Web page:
Friday 9 February 2018

Sauce for the goose...

Some colleagues and I were discussing coaching supervision, and someone raised the question: Do Coaching Supervisors Need to be Coaches?  We didn't address the question there and then, but we have it on the agenda for future discussion.

But in the meantime, I was interested in my own response. Firstly, I was surprised by the question (which is often the sign of a good question, in my view). And I was surprised, I think, because it seemed so obvious what the answer was: Of course supervisors need to be coaches. How else could they understand the work we do and the supervision we need.

And then I started to reflect a little more. I remembered being irritated at the claim in Blakey and Day's book which I am reading at the moment, that coaches to executives need to have had similar business experience. I, for example, coach senior academic leaders, and senior professional practitioners, and have no such experience in my work history. And I would (and do) make a strong case that coaches can work effectively in that way.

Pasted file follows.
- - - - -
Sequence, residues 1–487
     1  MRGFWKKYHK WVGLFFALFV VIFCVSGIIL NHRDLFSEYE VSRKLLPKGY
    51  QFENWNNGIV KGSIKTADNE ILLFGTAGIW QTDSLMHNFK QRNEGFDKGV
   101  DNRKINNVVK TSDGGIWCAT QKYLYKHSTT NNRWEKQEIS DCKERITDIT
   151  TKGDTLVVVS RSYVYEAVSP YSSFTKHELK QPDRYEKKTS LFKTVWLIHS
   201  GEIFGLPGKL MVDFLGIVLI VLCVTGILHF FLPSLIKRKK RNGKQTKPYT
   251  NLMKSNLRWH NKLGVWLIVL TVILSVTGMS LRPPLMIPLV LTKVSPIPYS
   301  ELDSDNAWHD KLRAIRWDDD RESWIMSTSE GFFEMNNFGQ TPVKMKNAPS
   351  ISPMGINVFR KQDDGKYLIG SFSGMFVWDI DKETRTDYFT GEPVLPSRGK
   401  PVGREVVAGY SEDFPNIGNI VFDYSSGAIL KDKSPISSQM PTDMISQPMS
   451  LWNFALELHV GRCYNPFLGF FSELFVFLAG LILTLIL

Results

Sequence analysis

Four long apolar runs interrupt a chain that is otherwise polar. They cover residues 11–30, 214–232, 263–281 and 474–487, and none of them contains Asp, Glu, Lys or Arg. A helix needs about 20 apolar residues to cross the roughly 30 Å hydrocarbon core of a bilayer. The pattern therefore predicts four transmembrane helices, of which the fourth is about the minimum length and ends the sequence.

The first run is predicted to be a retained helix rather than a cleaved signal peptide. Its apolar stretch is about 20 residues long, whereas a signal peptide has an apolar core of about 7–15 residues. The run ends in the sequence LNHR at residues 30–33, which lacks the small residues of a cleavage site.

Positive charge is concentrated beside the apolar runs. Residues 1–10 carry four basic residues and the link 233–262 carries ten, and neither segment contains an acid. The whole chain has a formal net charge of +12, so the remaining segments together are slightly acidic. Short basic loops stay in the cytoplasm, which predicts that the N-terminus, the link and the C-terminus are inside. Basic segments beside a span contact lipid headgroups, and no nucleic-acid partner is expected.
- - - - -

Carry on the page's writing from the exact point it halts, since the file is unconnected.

So the whole question of sauce for the goose arises...

Which made me reflect: what do we need from a good coaching supervisor?

In broad terms, we need someone who is skilled to listen to and understand the issues we are addressing in supervision, and to ask challenging questions; who has good knowledge of the coaching profession, to provide both the quality assurance and developmental role that are part of the supervisory process, as well as notice any blind spots etc; and also who has high levels of empathy to provide the support that is also part of the deal.

And, I realise, people may come from other backgrounds and have all of those requirements. I could imagine people from many of the helping professions, having most of them, and acquiring the necessary coaching-specific knowledge by study and experience of supervising.

So I have done a volte-face on this question, and now believe that a coaching supervisor need not necessarily be a practicing coach.

It will be interesting to learn what the others think when we return to the discussion.

No comments:

Post a Comment